-- Coverage of Cardinal Law's resignation is being carried live on Boston television stations. ... An attorney for the alleged sex-abuse victims says he soon intends to file more lawsuits, scores of them, involving 30 priests dating back to 1960. About half of the lawsuits will involve priests who currently don't have suits filed against them, he said. ... The victims who are appearing at various press conferences are so poised, so articulate, so controlled in their rage. They're not going to give up. They look and sound so empty and drained but determined. One was asked if he can forgive Cardinal Law, and he just shook his head in a dazed way, shrugged his shoulders, raised his eyebrows and slowly said forgiving the cardinal is not one of his priorities right now. ... Incredible.
Plea bargain time
: Cardinal Law might want to hurry up on the bankruptcy filing. He has other legal problems
to contend with in coming weeks and months. ... It’s getting to the point where the newspapers now have to run ‘summary’ stories
about all the latest sex-abuse allegations, complete with bullet items, similar to the NFL round-up pieces you read on Monday mornings.
: Trying to steal a page from William Safire, Joan Vennochi
‘gets in the mind’ of Mitt Romney. Now, we all instinctively know this isn’t how our Mitt thinks. But does Joan
Multinational corporate marketing pain comes to Boston
: Krispy Kreme Doughnuts Inc., whose oh-so-cutesy corporate marketing machine is starting to seriously annoy, is coming to Boston
. Local story line: Coming to the home of Dunkin’ Donuts. Get it? Ha, ha, ha. ... Really, I guess I’m supposed to play along with the cutesy schtick about how much I love or hate Krispy Kreme (sort of like Ken Burns getting all gooey about baseball etc.), but we used to call ‘glazed’ doughnuts ‘honey dip’ doughnuts when I was young and dragged into church with promises of doughnuts afterward -- and I never really liked honey dips. Nor going to church. I always liked jelly crullers. (And I also like Piccalilly relish on hot dogs ... so back off!)
A reader responds
: Someone wrote that he didn't get this item. Let me explain in my best former business journalism lingo: I think the whole Krispy Kreme phenomenon was (and certainly is by now) a tired marketing ploy, not a true story, by a publicly traded, overpriced company that needs to expand in order to keep Wall Street happy. The schtick has been used in other cities -- and too many media outlets bite into it as if it's a big story. So I pulled out my Doughnut Catholicism schtick to counter it. Get it?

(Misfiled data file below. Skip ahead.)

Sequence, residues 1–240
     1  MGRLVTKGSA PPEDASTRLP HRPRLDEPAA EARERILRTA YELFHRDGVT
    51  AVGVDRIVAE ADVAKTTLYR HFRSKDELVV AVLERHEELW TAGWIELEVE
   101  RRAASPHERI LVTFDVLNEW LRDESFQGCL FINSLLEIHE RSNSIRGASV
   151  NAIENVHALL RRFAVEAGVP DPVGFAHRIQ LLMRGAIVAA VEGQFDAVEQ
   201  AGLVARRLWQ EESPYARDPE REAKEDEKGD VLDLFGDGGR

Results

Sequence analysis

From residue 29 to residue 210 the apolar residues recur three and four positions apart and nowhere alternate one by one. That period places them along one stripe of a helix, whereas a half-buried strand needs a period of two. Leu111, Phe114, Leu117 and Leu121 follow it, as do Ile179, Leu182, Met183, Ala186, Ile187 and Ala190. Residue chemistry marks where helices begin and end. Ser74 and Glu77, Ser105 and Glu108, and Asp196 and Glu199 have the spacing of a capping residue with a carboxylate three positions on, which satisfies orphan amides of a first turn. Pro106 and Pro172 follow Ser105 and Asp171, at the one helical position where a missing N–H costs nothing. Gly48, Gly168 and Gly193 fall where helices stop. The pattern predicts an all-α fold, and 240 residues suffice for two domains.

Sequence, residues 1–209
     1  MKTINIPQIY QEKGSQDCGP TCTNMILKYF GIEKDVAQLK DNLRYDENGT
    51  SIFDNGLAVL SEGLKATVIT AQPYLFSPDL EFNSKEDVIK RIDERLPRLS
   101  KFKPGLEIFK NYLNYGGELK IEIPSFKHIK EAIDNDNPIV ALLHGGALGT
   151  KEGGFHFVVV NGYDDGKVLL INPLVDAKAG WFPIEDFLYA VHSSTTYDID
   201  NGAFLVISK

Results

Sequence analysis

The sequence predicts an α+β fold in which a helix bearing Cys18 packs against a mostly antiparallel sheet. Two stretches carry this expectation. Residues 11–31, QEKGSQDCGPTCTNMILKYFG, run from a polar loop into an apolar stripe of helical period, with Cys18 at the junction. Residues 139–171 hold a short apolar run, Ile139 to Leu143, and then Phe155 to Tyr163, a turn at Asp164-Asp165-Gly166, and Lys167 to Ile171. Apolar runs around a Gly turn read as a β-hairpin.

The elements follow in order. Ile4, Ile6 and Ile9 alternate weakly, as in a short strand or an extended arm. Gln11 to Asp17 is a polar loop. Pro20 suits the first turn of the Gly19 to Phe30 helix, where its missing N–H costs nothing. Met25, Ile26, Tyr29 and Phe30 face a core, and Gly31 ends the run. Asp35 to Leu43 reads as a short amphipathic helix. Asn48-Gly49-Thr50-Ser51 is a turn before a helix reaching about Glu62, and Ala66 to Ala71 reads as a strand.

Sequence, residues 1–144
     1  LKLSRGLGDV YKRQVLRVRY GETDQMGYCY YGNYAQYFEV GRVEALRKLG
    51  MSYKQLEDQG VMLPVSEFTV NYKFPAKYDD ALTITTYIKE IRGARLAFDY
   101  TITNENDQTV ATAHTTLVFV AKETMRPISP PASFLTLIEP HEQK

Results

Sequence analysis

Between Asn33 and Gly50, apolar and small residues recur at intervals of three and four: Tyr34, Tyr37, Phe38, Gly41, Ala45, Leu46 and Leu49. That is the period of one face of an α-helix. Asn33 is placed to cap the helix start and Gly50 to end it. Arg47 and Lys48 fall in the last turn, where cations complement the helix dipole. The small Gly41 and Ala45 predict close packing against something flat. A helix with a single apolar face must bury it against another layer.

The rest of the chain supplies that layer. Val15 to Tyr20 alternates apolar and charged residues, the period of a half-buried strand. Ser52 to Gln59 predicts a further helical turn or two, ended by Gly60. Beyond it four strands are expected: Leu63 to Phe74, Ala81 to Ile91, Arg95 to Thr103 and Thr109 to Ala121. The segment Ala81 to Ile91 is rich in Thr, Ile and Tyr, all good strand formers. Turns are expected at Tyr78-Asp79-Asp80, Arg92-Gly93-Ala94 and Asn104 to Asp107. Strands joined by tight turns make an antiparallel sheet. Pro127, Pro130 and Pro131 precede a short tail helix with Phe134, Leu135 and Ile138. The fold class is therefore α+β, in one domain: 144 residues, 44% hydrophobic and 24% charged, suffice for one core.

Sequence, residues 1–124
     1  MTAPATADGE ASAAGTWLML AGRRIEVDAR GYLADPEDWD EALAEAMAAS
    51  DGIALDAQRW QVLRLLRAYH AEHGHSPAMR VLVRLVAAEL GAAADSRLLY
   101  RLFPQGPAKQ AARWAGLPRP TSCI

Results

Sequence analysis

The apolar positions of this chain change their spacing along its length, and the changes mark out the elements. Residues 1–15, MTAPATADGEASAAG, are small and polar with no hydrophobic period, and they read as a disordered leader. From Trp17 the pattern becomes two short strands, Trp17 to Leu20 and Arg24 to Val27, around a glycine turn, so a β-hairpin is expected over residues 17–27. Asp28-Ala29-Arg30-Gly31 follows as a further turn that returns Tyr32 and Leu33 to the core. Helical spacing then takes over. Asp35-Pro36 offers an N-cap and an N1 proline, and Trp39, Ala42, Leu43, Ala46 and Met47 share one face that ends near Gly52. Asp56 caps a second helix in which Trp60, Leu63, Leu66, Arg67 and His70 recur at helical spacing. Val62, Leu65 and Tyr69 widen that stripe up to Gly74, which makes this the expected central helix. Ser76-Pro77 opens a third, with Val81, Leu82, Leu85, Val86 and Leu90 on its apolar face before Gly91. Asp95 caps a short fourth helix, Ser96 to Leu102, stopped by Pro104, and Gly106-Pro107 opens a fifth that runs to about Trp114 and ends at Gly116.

Trent Lott-free zone
: Like other blog sites, I’m taking a stand and declaring Hub Blog a Trent Lott-free zone, henceforth. I’m embarrassed I had a Trent item yesterday. There are Trent stories in the Globe and Herald this morning. They’re all over the damn Internet. Find ‘em yourself.
A reader from New Hampshire (yes, New Hampshire -- Hub Blog must be going global) responds
: A reader asks why I wouldn’t want to cover such an important national story. Answer: It’s not because it’s not a big issue (it is), but it’s because everyone else is mooing the same thing at the same time. But I will repeat this
: Conservatives have been in denial for a long time about this guy’s views on segregation. And now they're patting themselves on the back
. (Guess my attempt at at a Trent Lott-free zone has failed.)
Another reader responds -- 12-13-02
: Alan at Tufts says this is a ‘shining moment for conservatives’ because of the way they’ve responded to Trent Lott’s comments. My response: True, especially those conservatives within the blogosphere. But it’s tardy. Trent Lott has been saying, hinting and implying these exact same sentiments for years now -- decades, actually. I don’t have the links right now (I’ll try to get them), but Trent has been telling people for a while that the Republican Party has become, in his opinion, the party with the same ideals as Jefferson Davis. I’m not a Republican, but I do admire it and its history -- and I was very heartened to hear President Bush’s comments yesterday